1. How do I correctly weight community-level independent variables? I tried to create community-level weighted means for average percentage of women working in a community, average decision making index value, and percentage in community accepting of any domestic violence justification scenarios (with participant's own values excluded). However, I'm not sure how to approach the weights in regressions where both the community and individual level independent variables are included.

foreach var of varlist works dm_sum dvaccept_any{

gen `var'_w = `var'*wgt if !missing(`var') & nocomm == 0

bys v001: gen `var'_agg_w = sum(`var'_w) if nocomm == 0

gen `var'_comm_w = (`var'_agg_w - `var'_w)/(clustersz - 1) if nocomm == 0

}

Furthermore, the number of respondents in each community is only 5-10. What is the best way to test if we are too underpowered to make any statements about the significance of the relationship?

2. If we choose to include men's community-level variables as well, how would that be weighted?

Thank you!]]>

I'm not sure there is a "right" answer here, although surely some wrong ones. I'll give a couple of thoughts:

1 - a weight is just a person's probability of selection (re-scaled in a DHS-manner, but still basically a probability weight). This does not vary by community, because there is random sampling within a cluster. So everyone in each PSU will have the same weight, and so you can just use the individual weights.

2 - Even adding in information from the Men, if the unit of analysis is still the individual woman you would want the women's weights.

3 - if you are trying to estimate "causal effects" of the community level variables, and you think those relationships are independent of the criteria used for sampling villages (so that, say, all women respond the same to a 1sd change in their "decision making" then you don't need to weight. Weighting buys you population-level mean estimates, but if there are "constant treatment effects" regardless of covariates, you may not need to weight*.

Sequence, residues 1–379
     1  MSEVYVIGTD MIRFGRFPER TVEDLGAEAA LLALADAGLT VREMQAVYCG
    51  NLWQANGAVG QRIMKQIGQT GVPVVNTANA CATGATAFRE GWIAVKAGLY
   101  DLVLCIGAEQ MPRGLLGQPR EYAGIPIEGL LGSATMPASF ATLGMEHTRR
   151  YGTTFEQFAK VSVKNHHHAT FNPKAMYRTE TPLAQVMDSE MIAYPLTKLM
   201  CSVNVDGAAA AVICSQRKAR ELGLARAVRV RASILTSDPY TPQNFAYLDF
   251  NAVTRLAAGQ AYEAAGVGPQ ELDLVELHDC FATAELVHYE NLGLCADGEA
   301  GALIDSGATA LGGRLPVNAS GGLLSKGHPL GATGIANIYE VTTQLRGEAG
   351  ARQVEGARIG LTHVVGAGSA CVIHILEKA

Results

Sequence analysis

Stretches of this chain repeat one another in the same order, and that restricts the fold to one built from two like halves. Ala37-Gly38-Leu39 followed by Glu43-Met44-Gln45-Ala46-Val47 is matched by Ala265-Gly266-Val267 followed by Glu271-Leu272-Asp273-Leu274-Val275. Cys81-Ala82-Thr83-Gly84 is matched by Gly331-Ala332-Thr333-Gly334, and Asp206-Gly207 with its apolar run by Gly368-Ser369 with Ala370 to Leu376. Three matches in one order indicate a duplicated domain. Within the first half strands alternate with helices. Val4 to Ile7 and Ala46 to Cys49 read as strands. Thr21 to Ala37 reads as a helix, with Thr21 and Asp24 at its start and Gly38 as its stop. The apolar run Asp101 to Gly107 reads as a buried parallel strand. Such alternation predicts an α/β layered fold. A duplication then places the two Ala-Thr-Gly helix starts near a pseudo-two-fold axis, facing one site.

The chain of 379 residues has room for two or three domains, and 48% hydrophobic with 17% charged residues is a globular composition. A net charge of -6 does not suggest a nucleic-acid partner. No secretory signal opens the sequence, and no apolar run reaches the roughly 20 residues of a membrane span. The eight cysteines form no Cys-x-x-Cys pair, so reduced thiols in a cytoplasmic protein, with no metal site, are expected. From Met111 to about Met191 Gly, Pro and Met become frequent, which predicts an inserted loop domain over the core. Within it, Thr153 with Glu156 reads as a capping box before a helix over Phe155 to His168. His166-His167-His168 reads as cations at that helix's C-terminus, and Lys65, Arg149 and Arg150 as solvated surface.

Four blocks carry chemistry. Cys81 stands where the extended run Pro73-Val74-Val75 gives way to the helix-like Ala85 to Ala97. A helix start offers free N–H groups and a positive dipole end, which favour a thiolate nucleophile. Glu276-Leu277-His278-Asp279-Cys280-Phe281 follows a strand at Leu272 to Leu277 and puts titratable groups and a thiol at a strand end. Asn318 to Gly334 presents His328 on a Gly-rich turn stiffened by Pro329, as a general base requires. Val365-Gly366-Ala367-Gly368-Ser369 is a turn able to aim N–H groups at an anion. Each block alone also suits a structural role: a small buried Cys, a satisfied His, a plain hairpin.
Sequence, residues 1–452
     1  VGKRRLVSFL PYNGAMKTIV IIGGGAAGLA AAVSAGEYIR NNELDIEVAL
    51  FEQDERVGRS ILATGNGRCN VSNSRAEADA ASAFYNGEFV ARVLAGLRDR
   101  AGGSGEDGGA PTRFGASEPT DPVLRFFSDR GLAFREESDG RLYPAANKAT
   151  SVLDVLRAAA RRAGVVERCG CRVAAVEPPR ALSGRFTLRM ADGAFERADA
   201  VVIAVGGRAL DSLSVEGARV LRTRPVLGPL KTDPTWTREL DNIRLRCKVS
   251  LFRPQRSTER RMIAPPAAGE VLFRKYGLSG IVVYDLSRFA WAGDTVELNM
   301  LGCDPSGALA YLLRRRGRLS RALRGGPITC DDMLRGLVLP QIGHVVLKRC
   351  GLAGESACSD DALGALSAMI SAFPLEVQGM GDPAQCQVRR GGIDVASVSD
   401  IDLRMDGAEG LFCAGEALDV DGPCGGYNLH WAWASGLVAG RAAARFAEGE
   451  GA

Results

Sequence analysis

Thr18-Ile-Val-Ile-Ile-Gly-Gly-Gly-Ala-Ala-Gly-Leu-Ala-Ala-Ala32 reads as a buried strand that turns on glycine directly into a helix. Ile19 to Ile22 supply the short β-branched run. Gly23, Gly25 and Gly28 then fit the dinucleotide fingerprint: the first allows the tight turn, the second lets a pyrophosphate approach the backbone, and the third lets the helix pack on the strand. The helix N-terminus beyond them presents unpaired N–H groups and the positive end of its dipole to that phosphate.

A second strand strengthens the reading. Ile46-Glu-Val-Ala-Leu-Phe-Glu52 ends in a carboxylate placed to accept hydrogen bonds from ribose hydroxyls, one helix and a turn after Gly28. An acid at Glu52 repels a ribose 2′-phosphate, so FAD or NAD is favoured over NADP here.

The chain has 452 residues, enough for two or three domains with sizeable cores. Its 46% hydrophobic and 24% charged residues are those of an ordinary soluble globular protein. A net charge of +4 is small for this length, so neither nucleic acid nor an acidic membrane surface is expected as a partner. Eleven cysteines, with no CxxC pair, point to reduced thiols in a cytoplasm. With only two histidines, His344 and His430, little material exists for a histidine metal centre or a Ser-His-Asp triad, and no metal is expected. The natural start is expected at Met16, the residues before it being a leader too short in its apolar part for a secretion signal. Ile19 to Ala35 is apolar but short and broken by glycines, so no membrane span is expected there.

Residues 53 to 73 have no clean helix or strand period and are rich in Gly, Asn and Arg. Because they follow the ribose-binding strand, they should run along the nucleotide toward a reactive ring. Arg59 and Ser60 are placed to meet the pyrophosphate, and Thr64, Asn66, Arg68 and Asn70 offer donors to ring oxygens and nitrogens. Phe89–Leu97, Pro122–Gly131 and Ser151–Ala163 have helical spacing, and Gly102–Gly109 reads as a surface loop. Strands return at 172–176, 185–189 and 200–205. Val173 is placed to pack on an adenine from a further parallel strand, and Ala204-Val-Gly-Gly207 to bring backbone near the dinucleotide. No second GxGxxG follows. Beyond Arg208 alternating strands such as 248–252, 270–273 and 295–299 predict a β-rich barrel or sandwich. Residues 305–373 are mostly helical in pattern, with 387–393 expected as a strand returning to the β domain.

4 - cluster-level measurements are based on too few observations to be meaningful in and of themselves - as you say, there are wildly under-powered. A couple of things you could do: a) by averaging over many clusters, you can still get good estimates of community level variables, but each individual cluster-level point-estimate would be very, very noisy. But they may still mostly "agree" in some sense; b) so if in your hierarchical model you allow each cluster an unconstrained cluster-specific effect (like treating each cluster as a mini-experiment), you could look at those individual point-estimates on a scatter plot (say Beta across some variable you think would affect Beta); c) and then you could start restricting those Betas to have some particular distribution (a random slope model) and see how that changes your overall point estimate as you make your priors on the distribution of Beta more/less informative. I think this makes sense as a kind of model-checking or informal/additional inference procedure. A leave-one-out cross-validation approach might make sense too, depending on how you end up thinking about each of these within-cluster estimates.

I hope something there helped.]]>